Sovereign under any flag
I am of the opinion that Taiwan -- even if it calls itself "Bob" rather than "Taiwan, Republic of China," or "Great Liuqiu" and flies a smiley face rather than a flag with either the sun or a map on it -- deserves international recognition of its sovereignty.
However, Richard Hartzell's argument that Taiwan's sovereignty is in American hands simply doesn't cut it (Letters, Nov. 8, page 8).
The Cairo Declaration and similar World War II-era documents were indeed statements of intent -- and the intent of returning Taiwan to China materialized on Oct. 25, 1945, when ROC troops oversaw the Japanese surrender of Taiwan. Even in ordinary municipal property law, possession is nine-tenths of the law.
Save in the minds of embit-tered communist propagandists who were cheated out of a few million more people to terrorize, Taiwan was not, and is not, in US hands. Hence, its sovereignty is not something Washington can grant.
The subsequent division of China at Xiamen and Fuzhou harbors was not foreseen when the documents were written, nor was the divergent evolution of societies in Taiwan and China.
Taiwan is sovereign because it prints its own money, sends not a dime in taxes to Beijing (or Tokyo, or Washington), and its armed forces could probably make a Chinese military venture bleed badly enough to destabilize the communist regime -- and not because of loopholes in Japan's 50-year-old surrender documents and allied agreements. It is also sovereign because the bulk of its people, including those who loudly insist that they are "Chinese," are in no hurry to live under Beijing's rule.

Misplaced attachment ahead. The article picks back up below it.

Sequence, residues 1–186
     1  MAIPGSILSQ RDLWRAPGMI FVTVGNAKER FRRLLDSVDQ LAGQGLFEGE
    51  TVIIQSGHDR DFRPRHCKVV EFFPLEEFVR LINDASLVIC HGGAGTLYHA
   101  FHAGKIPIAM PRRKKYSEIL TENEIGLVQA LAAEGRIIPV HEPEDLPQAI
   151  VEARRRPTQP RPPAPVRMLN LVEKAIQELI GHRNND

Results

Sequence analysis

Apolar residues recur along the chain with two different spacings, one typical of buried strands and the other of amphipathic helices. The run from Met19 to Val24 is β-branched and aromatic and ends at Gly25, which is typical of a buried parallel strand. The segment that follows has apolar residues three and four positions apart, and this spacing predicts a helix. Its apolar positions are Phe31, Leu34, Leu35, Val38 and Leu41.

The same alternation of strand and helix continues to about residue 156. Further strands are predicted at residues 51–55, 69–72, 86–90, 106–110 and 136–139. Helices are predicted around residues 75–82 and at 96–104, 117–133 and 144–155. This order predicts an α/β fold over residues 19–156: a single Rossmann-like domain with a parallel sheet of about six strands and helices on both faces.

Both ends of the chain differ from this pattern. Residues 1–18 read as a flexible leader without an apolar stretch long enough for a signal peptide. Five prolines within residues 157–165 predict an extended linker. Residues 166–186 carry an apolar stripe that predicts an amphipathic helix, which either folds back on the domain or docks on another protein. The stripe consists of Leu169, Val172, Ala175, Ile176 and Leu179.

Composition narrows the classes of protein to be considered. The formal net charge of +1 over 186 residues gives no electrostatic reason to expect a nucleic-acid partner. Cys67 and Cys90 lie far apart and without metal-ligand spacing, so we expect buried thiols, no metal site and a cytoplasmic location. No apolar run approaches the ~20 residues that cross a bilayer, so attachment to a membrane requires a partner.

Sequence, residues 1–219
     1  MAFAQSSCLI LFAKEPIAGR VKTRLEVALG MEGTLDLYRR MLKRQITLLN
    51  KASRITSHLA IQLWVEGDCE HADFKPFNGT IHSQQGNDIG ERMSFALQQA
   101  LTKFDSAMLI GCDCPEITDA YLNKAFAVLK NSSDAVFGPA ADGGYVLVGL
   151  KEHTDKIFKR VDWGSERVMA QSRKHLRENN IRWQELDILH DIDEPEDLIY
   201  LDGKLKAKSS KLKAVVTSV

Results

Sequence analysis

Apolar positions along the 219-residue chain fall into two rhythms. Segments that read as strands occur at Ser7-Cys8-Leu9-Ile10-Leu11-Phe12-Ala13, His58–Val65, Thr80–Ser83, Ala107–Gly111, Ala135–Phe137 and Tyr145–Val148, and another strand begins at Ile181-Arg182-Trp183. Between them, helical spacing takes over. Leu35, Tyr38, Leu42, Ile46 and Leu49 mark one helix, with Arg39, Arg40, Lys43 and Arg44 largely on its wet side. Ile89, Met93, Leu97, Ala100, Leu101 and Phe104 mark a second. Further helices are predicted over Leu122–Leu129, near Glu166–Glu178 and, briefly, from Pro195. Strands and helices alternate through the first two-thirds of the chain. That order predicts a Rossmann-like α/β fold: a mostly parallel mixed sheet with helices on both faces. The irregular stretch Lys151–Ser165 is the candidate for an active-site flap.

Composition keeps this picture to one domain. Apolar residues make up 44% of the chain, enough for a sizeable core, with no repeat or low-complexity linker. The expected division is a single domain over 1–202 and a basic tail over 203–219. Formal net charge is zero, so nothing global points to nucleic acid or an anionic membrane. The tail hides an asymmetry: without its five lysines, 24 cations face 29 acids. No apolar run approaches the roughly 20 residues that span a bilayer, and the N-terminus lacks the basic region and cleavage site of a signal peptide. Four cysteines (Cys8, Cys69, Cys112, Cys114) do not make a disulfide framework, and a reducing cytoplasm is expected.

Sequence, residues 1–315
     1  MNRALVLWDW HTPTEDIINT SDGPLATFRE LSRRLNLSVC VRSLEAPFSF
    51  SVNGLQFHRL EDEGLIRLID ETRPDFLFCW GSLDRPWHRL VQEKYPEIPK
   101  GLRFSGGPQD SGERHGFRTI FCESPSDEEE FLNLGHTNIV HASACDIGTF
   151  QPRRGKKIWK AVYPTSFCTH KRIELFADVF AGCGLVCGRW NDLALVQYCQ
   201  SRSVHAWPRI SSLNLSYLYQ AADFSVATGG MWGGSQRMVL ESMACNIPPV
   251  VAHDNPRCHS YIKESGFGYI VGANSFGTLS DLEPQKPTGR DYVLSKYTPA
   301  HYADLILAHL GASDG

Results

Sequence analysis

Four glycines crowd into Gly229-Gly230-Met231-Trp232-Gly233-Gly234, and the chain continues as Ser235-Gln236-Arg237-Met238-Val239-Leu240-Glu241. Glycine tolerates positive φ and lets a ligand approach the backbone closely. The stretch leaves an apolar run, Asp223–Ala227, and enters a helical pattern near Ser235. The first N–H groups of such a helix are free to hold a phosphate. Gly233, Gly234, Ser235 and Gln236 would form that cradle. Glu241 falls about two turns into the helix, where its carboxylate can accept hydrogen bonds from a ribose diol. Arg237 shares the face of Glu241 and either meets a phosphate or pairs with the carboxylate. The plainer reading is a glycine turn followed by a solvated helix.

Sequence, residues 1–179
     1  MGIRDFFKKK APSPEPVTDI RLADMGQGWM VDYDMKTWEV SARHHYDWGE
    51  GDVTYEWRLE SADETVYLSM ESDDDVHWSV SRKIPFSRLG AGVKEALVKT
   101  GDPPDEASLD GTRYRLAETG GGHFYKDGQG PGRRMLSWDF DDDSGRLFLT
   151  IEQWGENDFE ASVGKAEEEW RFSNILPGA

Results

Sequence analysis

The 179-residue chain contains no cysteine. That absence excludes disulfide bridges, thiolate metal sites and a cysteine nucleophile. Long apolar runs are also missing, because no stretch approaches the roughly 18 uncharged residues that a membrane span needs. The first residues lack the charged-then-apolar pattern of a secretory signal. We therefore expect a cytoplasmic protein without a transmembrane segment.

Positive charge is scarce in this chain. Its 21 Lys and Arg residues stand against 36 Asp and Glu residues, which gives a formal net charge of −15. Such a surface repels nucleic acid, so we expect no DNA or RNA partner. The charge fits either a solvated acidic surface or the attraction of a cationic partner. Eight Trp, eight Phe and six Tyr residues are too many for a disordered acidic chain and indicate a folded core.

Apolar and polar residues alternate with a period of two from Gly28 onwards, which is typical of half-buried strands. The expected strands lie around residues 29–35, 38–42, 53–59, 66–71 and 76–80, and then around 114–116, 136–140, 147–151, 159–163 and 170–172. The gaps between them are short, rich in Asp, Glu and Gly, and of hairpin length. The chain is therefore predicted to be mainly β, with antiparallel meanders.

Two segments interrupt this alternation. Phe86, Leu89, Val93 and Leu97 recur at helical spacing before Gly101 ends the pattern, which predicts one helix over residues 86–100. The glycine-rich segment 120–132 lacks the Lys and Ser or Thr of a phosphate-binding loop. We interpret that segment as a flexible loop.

In the absence of a generally recognized enforcer, international law is what states and people say it is. For more than half a century, Taiwan's people and government have been saying they do not live under the People's Republic of China, and no matter what US Secretary of State Colin Powell and other statesmen say to mollify Beijing, nobody has been able to force them to submit.
Part of the awkwardness of Taiwan's international position is that while most powers will not say Taiwan is sovereign, they also will not approve of Beijing's attempts to assert sovereignty by force.
This, not loopholes in documents written more than 50 years ago, is what makes Taiwan sovereign.